Do I need an attorney and what do I look for in hiring one?
First, yes, most likely you will need to hire an attorney. Children appearing in juvenile court are required by law to be represented by a lawyer in most cases. You need a lawyer with experience in juvenile law. Not all lawyers are equal. This is a specialized area of law that follows different rules and procedures. You need a lawyer who understands your child's case and can effectively protect his rights. At Musick & Musick, LLP, our lawyers are experienced in both criminal and juvenile law. Firm partner JoAnne Musick is Board Certified in both Juvenile and Criminal Law by the Texas Board of Legal Specialization.
Legal fees are also an important factor in choosing your juvenile defense lawyer, but do you really want the cheapest attorney when your freedom and liberty are on the line? The old adage you get what you pay for is certainly true when it comes to legal fees.
How does juvenile court differ from adult court?
Cases involving children between the ages of 10 and 17 are handled in the Juvenile Courts in Texas (juvenile district or county courts). These cases are "civil" cases rather than criminal cases; however, certain rules and aspects of criminal law are applied to the juvenile. Juveniles are not "found guilty" but instead are "adjudicated to have engaged in delinquent conduct". Also, juvenile offenders are not subject to being released on "bond" but are detained or released depending upon the circumstances. Finally, punishment for a juvenile is based upon levels and guidelines, not necessarily upon the offense.
What happens when I go to court?
Your first court setting is usually called the "arraignment." This is an opportunity for your lawyer to gather information about your case by reviewing the file. In Harris County, the DA has an open file policy, allowing attorneys to view the police report and other evidence. The DA may make a plea offer in an attempt to "plea-bargain" the case and avoid trial.
Your attorney will be able to review the court probation report. The probation officer has likely already contacted your family and your school to obtain information about your behavior at home and at school. It is important that the information contained in this report is accurate as it will be relied upon by the court for disposition or punishment purposes.
Sometimes, this setting will result in a reset of your case to a future date. This may be necessary so that your juvenile defense lawyer can gather additional information, talk to witnesses, and test the state's case. Your lawyer will advise whether or not to reset.
What is going to happen to me if I'm found guilty?
First of all, juveniles are not found "guilty"; they are said to have "engaged in delinquent conduct" if the court or a jury finds beyond a reasonable doubt that an offense was committed. This is a minor distinction but benefits the child in the future. For example, most job applications ask whether or not a person has been "convicted" of a crime; a juvenile is not convicted therefore may answer in the negative.
If a child is found to have engaged in delinquent conduct, the disposition or ramifications can range from a probation where custody is left with the parents or guardians to probation where the juvenile is taken out of the home and placed into a juvenile facility to commitment or incarceration in the Texas Youth Commission. In some instances, the juvenile may face transfer or certification to the adult court to stand trial as an adult.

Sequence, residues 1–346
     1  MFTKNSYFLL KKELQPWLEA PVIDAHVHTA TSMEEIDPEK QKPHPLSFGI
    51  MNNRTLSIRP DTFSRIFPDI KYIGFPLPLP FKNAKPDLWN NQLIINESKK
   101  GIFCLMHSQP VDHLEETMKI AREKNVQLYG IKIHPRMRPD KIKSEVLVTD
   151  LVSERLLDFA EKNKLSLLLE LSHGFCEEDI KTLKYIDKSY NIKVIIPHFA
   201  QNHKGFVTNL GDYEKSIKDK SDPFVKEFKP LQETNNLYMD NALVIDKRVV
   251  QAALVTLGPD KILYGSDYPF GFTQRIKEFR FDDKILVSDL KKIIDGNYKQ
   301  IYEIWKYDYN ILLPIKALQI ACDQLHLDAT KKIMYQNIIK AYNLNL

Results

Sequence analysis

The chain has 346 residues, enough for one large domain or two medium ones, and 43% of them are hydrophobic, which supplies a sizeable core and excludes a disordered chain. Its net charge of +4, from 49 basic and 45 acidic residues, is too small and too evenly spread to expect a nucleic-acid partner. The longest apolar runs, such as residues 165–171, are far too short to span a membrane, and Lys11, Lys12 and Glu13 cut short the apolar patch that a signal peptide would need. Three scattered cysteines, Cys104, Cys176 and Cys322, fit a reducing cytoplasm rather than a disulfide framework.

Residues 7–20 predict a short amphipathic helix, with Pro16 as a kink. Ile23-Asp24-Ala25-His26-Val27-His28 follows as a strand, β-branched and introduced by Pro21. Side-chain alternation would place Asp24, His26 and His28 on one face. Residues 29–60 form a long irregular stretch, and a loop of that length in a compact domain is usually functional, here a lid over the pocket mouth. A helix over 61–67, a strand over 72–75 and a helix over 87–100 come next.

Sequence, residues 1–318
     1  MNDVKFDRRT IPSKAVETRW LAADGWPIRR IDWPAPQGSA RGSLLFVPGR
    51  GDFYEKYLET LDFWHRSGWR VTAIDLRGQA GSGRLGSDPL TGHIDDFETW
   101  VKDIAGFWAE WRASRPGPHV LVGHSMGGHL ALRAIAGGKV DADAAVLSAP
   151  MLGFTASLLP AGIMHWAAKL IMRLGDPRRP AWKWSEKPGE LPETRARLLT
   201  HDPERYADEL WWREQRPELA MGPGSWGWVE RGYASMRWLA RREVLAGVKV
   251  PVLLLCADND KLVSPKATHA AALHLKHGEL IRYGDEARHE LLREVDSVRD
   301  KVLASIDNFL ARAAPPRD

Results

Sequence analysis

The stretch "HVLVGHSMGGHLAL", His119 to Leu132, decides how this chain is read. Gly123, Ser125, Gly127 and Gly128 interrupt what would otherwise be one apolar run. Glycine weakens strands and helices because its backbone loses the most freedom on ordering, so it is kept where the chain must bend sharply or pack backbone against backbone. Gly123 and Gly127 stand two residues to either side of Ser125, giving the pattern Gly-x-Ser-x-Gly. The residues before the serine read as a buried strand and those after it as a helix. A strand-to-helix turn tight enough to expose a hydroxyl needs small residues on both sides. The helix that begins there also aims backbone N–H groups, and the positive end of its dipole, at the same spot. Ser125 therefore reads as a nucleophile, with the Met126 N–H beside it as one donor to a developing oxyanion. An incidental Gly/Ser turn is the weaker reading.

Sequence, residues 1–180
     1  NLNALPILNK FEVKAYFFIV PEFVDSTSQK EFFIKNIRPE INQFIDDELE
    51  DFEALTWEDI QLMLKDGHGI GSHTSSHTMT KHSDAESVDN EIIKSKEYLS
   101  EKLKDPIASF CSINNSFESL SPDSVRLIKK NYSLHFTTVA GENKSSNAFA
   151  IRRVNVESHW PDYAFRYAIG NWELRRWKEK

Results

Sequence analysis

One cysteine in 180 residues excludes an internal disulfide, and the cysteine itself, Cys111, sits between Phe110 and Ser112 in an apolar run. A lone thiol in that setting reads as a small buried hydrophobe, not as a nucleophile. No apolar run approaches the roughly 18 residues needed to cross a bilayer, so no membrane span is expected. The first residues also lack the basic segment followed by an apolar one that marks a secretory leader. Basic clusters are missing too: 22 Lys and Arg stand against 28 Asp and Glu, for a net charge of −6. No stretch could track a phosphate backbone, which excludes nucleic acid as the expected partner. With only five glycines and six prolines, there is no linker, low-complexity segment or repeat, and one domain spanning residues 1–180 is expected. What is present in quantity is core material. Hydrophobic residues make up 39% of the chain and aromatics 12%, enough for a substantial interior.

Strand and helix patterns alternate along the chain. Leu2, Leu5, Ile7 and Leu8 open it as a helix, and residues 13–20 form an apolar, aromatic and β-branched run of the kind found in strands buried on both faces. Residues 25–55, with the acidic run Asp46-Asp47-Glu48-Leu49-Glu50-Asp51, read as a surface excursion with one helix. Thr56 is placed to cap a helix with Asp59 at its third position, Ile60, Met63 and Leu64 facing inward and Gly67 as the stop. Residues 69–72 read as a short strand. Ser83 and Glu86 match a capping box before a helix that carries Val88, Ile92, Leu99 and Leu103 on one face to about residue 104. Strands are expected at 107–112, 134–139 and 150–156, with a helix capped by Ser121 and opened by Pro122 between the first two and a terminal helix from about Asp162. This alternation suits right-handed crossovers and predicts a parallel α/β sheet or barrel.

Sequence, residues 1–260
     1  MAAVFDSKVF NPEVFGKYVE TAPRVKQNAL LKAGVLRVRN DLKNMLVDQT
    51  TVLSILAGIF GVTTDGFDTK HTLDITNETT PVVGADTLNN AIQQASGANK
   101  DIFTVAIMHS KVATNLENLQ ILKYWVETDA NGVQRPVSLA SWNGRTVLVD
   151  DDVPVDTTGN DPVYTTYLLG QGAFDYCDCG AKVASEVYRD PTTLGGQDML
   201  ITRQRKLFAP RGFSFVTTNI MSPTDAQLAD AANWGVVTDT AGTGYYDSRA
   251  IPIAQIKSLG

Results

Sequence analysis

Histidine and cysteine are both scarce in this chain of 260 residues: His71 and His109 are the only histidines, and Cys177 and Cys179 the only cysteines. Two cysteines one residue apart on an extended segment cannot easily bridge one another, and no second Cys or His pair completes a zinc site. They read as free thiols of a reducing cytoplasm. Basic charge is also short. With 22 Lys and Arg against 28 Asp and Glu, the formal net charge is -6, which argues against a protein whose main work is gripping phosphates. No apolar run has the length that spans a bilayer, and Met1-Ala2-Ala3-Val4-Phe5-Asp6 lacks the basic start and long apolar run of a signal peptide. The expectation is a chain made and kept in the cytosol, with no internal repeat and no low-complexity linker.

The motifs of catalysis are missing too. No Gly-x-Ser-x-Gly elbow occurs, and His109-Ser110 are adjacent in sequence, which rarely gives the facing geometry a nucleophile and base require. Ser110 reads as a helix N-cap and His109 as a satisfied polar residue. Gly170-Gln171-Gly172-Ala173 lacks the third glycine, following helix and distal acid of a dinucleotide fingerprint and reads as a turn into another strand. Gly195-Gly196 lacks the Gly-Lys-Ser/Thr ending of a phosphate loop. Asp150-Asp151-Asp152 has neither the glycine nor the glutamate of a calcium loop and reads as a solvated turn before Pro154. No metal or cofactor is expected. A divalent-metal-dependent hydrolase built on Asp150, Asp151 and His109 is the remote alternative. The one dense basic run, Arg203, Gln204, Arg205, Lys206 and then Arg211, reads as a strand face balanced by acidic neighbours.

Can juvenile records be sealed?
Depending on the circumstances, many juvenile cases can be sealed. In a misdemeanor adjudication, the judge shall seal the records if (1) two years have elapsed since final discharge for a non-felony offense and (2) there have been no convictions or adjudications on any charge since final discharge and no such action is pending.
If the adjudication is for a felony offense, the sealing is discretionary for the court (may or may not be granted) and the child must wait until he or she is at least 21 years of age and there can be no convictions or adjudications on any charge since final discharge and no such action pending. However, in a "determinate sentencing" case, these records may never be sealed.
Another possibility of sealing records without waiting either 2 years or until age 21 exists where there is no adjudication, i.e. no finding of delinquent conduct. These can be sealed immediately.
Do I need to post a bond for my child?
No, juvenile offenders are not subject to being released on "bond" but are either detained or released depending upon the circumstances.
The court considers five factors in determining whether to hold the child in the detention center pending court or to release the child to a parent or guardian: (1) whether the child is likely to abscond or be removed from the jurisdiction of the court, (2) whether a parent or guardian can provide suitable supervision, care, and protection for the child, (3) whether the child has a parent or guardian who is able to return him to court when required, (4) whether the child may be a danger to himself or others if released, and (5) whether the child has previously been found to have engaged in delinquent conduct and is likely to commit a new offense if released.
It is important for the parents (or guardian) to be present with a juvenile defense lawyer at the detention hearing to explore whether or not the judge will release the child.
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